Press Release


One for all, all for METTL(5)…

The novel and rapidly developing research field ‘Epitranscriptomics’ tackles one of the next challenges for modern biology: the mechanistic understanding of RNA modifications and their biological functions in health and diseases. Recently, the team of researchers lead by Robert Schneider (Institute of Functional Epigenetics, Helmholtz Zentrum München) have published the characterisation of a novel human RNA methyltransferase that is implicated in human diseases.

The central dogma of molecular biology describes the flow of hereditary information within living organisms, which was at first very straight forward: DNA makes RNA and RNA makes protein. However, over the last decades, research has demonstrated that the molecular mechanisms underlying gene expression are a lot more complex. The discovery of RNA modifications challenges again this long-standing relatively simple concept.

Small covalent modifications of RNA can regulate RNA function by affecting its localisation, stability or interaction with binding proteins. Thus far, over 170 RNA modifications have been identified on all types of RNAs. They are referred to as RNA “epi-modifications” and the corresponding research field as “epitranscriptomics”. Yet, the enzymatic machineries responsible for their deposition and their biological function are still under extensive investigation. One of such modification is methylation on an adenosine (A) (N6-methyladenosine (m6A)) in RNA. On human ribosomal RNAs (rRNAs) only two m6A-sites have been identified. They occur at positions within the ribosome, which are important for its function and might be implicated in human diseases such as ribosomapathies that accompany e.g. cancer development. Thus, the identification of novel RNA methyltransferases and their target sites is a high priority and will contribute to the design of selective inhibitors and potential therapies.

An international team of 31 researchers leaded by Helmholtz Zentrum Munich just published a study uncovering the molecular mechanisms that link rRNA methylation to development and disease. Ignatova et al. systematically screened proteins for methyltransferase activity on various types of RNAs. In doing so, Ignatova and colleagues have identified METTL5 as an RNA methyltransferase, that specifically methylates 18S rRNA at one site - close to the ribosome’s active centre. The team went ahead and showed that this modification plays an important role in translation, the process through which proteins are made in our cells. “A big step towards understanding the biological function of METTL5, was the characterisation of a Mettl5 knock out in mouse embryonic stem cells (mESCs). We thought it was important to ask whether rRNA modifications can regulate pluripotency and differentiation of stem cells,” said Valentina Ignatova, the first author of the project. She adds: “We were surprised by the clear phenotype we observed. The loss of METTL5 decreased the ‘pluripotency’ of stem cells and had a huge impact on their ability to differentiate towards neuronal lineages.”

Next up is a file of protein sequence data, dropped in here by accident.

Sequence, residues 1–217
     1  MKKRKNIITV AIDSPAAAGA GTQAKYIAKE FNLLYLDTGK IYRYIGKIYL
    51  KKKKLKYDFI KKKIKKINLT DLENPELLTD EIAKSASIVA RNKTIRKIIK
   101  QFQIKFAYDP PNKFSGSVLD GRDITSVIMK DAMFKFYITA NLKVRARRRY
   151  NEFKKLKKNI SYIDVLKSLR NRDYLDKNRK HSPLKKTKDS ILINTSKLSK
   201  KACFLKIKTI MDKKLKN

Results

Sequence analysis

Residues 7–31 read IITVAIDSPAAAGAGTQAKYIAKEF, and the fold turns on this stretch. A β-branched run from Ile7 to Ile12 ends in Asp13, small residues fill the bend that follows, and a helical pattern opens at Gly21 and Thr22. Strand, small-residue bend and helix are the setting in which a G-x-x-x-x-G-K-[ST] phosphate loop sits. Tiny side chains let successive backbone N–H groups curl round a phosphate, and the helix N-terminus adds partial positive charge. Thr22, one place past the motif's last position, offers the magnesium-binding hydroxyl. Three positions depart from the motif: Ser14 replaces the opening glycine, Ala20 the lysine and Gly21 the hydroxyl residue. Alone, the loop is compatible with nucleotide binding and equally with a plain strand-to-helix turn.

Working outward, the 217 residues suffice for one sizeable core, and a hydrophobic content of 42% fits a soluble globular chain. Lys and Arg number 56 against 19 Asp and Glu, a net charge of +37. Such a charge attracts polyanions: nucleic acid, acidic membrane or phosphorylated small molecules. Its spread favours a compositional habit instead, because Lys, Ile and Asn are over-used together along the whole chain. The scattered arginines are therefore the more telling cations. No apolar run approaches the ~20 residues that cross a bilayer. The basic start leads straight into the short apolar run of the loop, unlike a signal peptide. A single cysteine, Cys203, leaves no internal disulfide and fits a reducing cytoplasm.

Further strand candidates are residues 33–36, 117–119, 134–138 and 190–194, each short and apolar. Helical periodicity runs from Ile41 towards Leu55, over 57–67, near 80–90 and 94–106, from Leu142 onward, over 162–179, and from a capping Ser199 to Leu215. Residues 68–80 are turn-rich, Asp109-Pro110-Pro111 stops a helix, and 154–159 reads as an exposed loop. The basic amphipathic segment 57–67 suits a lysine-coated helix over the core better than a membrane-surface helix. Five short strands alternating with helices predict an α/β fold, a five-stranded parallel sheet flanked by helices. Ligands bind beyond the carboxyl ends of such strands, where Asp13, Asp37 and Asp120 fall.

An important milestone was the generation of a mouse model that lacks Mettl5 (Mettl5 KO) in collaboration with the German Mouse Clinic at the Helmholtz Zentrum München, one of the leading mouse clinics in systemic phenotyping of human disease models. The project team was then able to study the consequences of rRNA methylation in a full organism. They found that mice lacking METTL5 have impaired development, reduced weight and infertility. In particular, their altered behaviour and facial and anatomical malformations are rather extraordinary. This is truly exciting, because human patients with Mettl5 mutations exhibit also behavioural and anatomical abnormalities comparable to the phenotype observed in mice. Therefore, the Mettl5 KO mouse model will serve the community as a new disease model to study those neurological defects.

“We worked together with labs that have various unique expertise”, comments Valentina Ignatova. “This collaborative effort allowed us to perform a complete characterisation of a new RNA-modifying enzyme, reveal its molecular function and develop a new mouse model system for human diseases.”

The work of Ignatova et al. is published in Genes & Development. To read the full article, please go here.